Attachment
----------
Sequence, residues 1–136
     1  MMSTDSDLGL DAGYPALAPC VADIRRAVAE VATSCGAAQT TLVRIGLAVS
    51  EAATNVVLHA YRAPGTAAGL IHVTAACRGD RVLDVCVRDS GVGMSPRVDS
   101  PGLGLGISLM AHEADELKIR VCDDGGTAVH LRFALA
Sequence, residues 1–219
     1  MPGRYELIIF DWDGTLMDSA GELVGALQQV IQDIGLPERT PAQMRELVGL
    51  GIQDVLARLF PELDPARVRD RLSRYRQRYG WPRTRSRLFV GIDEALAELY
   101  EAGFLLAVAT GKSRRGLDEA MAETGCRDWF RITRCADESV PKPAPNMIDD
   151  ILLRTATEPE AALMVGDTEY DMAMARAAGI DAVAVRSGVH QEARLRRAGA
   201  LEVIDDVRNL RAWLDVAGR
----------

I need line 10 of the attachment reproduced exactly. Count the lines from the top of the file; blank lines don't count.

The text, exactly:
   201  LEVIDDVRNL RAWLDVAGR